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Destiny’s Child to break up after tour

Multiplatinum trio says its time to pursue solo efforts ‘in earnest’
/ Source: The Associated Press

Staying together was not part of Destiny's Child's destiny — the multiplatinum group is splitting up.

In a statement released to MTV News, the trio of Beyonce Knowles, Kelly Rowland and Michelle Williams announced plans to disband after their world tour ends in the fall.

"We have been working together as Destiny's Child since we were 9, and touring together since we were 14. After a lot of discussion and some deep soul-searching, we realized that our current tour has given us the opportunity to leave Destiny's Child on a high note, united in our friendship and filled with an overwhelming gratitude for our music, our fans, and each other," the statement said.

The group was unavailable for comment Monday, but a representative said another statement would be released later in the day.

The breakup of the girl group, which first debuted as a teenage R&B foursome in 1997, isn't much of a shocker. Many critics didn't expect the group to exist at all after the multiplatinum solo debut of Beyonce in 2003. Her album, "Dangerously In Love," won five Grammys and solidified her as a one-name superstar apart from the group.

And the title of Destiny's Child's latest album — "Destiny Fulfilled" — appeared to signal the end was near.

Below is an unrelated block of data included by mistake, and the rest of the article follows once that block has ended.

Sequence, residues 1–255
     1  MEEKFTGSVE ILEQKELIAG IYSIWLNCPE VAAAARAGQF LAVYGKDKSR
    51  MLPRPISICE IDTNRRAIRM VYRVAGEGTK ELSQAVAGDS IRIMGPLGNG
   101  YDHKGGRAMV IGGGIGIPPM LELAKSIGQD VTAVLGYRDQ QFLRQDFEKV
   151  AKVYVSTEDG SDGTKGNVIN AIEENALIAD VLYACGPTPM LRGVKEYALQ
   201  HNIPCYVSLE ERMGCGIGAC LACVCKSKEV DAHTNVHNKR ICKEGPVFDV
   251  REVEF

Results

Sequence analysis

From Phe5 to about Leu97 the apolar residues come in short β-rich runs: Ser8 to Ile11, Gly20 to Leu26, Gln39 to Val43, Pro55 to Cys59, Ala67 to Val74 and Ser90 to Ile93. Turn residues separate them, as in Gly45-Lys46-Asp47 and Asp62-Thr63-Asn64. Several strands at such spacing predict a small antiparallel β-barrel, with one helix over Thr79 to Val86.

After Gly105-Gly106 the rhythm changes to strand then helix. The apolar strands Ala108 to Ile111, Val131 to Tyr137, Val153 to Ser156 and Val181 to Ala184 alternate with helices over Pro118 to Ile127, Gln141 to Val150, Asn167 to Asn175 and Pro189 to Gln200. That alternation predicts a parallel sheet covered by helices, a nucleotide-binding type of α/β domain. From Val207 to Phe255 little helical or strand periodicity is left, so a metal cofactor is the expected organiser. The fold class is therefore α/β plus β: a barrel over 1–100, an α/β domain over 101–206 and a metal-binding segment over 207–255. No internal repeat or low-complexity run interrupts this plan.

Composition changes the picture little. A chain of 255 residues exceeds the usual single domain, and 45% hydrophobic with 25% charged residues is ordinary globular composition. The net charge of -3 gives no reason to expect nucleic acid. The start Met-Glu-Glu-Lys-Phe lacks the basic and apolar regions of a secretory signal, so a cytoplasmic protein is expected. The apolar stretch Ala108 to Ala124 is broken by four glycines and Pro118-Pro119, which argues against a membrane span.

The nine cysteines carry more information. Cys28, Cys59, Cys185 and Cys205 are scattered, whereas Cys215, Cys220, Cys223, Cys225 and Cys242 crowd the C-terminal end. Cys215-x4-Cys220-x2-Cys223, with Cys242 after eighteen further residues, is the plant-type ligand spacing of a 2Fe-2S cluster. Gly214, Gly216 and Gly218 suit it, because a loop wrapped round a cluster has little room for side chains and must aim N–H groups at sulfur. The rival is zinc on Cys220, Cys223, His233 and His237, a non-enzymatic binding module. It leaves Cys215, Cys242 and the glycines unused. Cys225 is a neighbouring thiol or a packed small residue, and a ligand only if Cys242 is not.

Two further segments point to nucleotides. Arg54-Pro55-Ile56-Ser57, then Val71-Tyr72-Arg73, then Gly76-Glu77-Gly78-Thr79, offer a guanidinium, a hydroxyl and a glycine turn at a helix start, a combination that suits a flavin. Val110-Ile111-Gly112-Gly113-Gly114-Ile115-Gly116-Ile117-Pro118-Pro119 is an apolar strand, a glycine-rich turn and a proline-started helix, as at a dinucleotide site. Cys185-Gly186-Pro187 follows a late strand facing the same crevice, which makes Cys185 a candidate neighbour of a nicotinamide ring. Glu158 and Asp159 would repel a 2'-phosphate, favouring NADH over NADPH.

In an interview with The Associated Press in November, the women were noncommittal when asked about their future.

"I think as far as Destiny's Child, our main focus is for us to maintain our friendship. And if in three years, five years, 10 years, whenever we decide we wanna do another Destiny's Child record, then we will do it," Beyonce said. "But I think our main goal was to do this next record, and I think we just wanna eventually have kids that play together."

Beyonce and Rowland have been members of the group since it was formed in their hometown of Houston. They scored instant success with their debut, thanks to the hit "No No No (Part I)." Back then, the founding members also included LeToya Luckett and LaTavia Roberson.

But after the release of their second album, 1999's "The Writing's On The Wall," Luckett and Roberson were booted from the group. (The duo later sued the group and Beyonce's manager-father, Matthew Knowles, and reached a settlement.)

Michelle Williams and Farrah Franklin replaced Roberson and Luckett the same year, but Franklin was later dropped, making the group a trio.

Among the group's biggest hits have been "Bootylicious," "Survivor" and "Independent Women (Part I)." All of their albums have sold at least 1 million copies; their latest has sold more than 2 million.

Besides Beyonce, Rowland and Williams have released solo albums — with less fanfare.

Despite the impending breakup, the women pledged to remain close friends.

"After all these wonderful years working together, we realized that now is the time to pursue our personal goals and solo efforts in earnest," the statement said. "No matter what happens, we will always love each other as friends and sisters and will always support each other as artists. We want to thank all of our fans for their incredible love and support and hope to see you all again as we continue fulfilling our destinies."